Max Fawcett is a freelance writer and the former editor of Alberta Oil magazine.
Like a lot of Albertans these days, Michelle Rempel is frustrated with the rest of the country. In a Globe and Mail story last week, Rempel made the case for why people living in Toronto and Montreal need to care more about what’s going on in Calgary. “The message I would like the rest of the country to hear is it doesn’t matter where you live in the country, oil and gas and the Alberta economy need to be a ballot question for you,” she said. “Our national campaign has to talk about Alberta.”
Her frustration with the rest of Canada, and that of many Albertans, is understandable. They’ve contributed many billions of dollars to the federal treasury over the last two decades and received little more in return than a growing sense of hostility towards the source of said funds. But that frustration doesn’t resonate in the rest of the country, where the intricacies of the equalization program aren’t nearly as popular a topic of conversation, and where Alberta’s long-standing habit of rubbing its prosperity in the face of the so-called “have-not provinces” has left the people who live in them a bit cold to its recent plight.
This stew of economic pain and political alienation, and the willingness of certain politicians to continue stirring it, helps explain the recent outburst of western separatism. But if Albertans want the rest of Canada to take their issues more seriously, they’ll have to do something even more radical than push for separation: stop voting Conservative.
They don’t have to do that forever, mind you, and they certainly don’t have to vote Liberal. Asking an Albertan to vote for Trudeau in 2019 is a bit like asking an ardent Hillary Clinton supporter to vote for Donald Trump in 2020. But as long as Albertans reflexively vote Conservative at the federal level, they are inviting said federal Conservatives to take their votes for granted and focus on winning the ones in relatively vote-rich Quebec and Ontario. Stephen Harper’s tenure as Prime Minister offers a useful illustration of that.
Here was a Prime Minister from Calgary, who gave important cabinet posts to other Albertans, and who ostensibly had Alberta’s best interests in mind. And yet, during his nearly decade-long time in office, Mr. Harper and his government consistently made decisions that were at odds with those interests.
For example, his government changed the tax treatment of the income trust structure that dozens of oil and gas companies in Calgary had come to depend on, breaking a campaign promise and vaporizing billions of dollars of shareholder value in the process. His government blocked takeovers of oil sands companies by Chinese state-owned enterprises in 2012, a decision that closed a door that a number of smaller oil-sands companies had been planning to use. And it was his government’s ham-fisted approach to building pipelines that played a major role in transforming them from mere pieces of energy infrastructure into metaphors for the carbon economy.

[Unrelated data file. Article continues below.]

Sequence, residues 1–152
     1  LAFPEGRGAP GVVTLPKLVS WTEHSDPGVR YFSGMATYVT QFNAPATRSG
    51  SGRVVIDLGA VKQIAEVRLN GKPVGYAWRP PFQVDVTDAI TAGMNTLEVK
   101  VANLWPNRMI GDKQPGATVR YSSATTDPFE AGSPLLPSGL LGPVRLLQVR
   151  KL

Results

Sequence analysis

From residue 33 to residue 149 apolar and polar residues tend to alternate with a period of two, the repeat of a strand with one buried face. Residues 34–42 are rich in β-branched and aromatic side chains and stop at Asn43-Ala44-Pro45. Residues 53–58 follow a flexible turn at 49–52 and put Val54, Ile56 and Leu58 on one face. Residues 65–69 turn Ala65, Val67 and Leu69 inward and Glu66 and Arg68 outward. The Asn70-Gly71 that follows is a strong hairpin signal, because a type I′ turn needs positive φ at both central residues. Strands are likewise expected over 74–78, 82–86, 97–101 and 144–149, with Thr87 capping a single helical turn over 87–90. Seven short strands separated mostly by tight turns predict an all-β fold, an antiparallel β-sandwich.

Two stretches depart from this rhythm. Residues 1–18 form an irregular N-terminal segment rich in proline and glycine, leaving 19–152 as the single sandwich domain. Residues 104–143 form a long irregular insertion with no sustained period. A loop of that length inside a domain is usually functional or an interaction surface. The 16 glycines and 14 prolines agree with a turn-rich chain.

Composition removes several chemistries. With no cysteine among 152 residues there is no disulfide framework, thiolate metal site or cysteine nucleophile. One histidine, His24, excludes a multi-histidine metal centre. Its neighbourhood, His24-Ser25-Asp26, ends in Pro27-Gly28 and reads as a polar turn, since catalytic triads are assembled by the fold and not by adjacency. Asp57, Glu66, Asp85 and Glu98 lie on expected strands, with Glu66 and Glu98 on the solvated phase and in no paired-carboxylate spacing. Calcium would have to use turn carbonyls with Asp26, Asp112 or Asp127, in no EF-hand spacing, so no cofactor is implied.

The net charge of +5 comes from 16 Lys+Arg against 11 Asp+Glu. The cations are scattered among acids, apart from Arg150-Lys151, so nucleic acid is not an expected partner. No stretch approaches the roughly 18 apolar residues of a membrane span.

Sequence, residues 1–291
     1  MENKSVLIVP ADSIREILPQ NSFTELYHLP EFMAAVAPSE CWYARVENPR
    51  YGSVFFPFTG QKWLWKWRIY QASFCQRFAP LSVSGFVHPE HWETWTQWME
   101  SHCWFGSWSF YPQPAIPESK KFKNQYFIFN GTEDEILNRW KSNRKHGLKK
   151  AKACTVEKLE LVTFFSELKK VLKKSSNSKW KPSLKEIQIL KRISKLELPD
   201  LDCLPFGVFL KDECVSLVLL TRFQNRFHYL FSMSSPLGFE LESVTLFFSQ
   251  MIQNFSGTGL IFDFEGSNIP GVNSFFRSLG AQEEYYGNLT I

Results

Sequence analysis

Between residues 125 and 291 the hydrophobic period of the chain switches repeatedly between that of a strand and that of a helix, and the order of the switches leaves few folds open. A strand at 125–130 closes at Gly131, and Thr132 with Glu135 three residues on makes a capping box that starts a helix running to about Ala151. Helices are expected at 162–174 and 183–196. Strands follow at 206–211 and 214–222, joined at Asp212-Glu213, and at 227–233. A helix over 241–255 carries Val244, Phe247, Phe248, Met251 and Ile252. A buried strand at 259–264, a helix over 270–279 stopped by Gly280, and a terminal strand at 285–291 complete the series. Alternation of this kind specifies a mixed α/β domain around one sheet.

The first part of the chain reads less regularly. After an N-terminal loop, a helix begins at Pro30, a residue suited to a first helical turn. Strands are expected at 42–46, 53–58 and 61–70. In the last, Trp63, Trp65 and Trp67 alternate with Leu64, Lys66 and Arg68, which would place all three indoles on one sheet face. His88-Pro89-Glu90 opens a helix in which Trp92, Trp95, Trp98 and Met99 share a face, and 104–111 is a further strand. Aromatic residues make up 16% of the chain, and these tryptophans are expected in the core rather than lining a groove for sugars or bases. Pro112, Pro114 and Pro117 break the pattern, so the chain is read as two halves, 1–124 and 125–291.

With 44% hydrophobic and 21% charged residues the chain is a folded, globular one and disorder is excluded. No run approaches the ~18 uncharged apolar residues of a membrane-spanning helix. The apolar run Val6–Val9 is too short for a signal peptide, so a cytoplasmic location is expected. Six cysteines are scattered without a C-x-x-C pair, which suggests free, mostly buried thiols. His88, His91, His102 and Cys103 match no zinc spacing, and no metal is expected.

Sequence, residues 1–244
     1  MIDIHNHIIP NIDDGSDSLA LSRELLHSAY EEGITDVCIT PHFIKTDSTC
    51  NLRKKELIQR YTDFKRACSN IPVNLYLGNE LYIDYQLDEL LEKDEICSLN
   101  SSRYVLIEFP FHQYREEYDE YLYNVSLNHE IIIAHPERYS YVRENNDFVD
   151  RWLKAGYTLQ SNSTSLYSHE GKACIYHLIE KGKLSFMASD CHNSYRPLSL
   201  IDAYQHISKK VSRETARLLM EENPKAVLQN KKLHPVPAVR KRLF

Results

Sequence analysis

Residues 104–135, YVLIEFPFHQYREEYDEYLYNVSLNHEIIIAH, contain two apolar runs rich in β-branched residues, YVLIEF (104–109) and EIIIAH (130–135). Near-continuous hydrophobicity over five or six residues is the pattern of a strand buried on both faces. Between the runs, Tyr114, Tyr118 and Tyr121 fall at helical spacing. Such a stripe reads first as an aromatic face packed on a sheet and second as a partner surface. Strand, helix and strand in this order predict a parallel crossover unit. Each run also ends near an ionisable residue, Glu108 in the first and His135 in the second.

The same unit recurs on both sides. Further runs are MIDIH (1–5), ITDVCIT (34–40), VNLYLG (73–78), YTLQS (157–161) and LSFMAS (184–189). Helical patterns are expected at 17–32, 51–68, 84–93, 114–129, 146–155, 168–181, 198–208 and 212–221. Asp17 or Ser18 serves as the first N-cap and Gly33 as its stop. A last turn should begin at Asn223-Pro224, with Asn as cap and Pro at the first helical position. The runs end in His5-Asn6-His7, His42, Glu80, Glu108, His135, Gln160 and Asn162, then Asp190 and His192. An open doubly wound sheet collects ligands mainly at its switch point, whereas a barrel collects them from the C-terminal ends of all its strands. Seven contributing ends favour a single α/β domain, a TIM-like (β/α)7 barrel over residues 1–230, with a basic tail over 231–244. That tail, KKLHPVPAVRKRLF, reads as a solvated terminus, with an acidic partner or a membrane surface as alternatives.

But perhaps the most conspicuous decision the Harper government made was the one involving equalization. There was no overhaul of the formula, no reorientation of its basic purpose in a way that favoured Alberta. Instead, the Harper government resigned itself to minor tweaks so as not to upset voters in Quebec or Ontario.
Indeed, the formula that it adopted in 2007 actually had the effect of increasing Quebec’s take, and of turning Ontario into a have-not province (one that would start receiving equalization benefits). It’s no wonder: Harper knew he could count on the 28 seats in Alberta remaining reliably Conservative, and he understood that the majority government he was trying to cobble together depended almost entirely on winning more seats in central Canada. In 2011, he earned that majority.
This is the electoral calculus that Albertans have to break if they want their issues to be taken more seriously by the rest of the country. If the 34 seats in Alberta are never in play, there’s no political incentive for anyone—Liberal or Conservative—to put its issues at the forefront.
It’s been 70 years since Alberta’s federal seats were up for grabs, when Social Credit and the Liberals ended up with 37.4 per cent and 33.8 per cent of the vote, respectively. Since then, there have only been three occasions where Alberta sent more than three non-Conservative MPs to Ottawa: four in 1968, four again in 1993, and a whopping five in 2015. Other than that, it’s been blue wave after blue wave, with Conservatives routinely pulling more than 60 per cent of the popular vote.
The odds of Albertans actually voting strategically in this fall’s election and putting the province’s federal Conservatives on notice are about the same as Maxime Bernier crossing the aisle to join the Liberals. But it’s something they might want to start thinking seriously about.
After all, as Einstein famously observed, the definition of insanity is doing the same thing over and over again and expecting a different result. And if recent history is any indication, voting Conservative isn’t going to get them the results they want.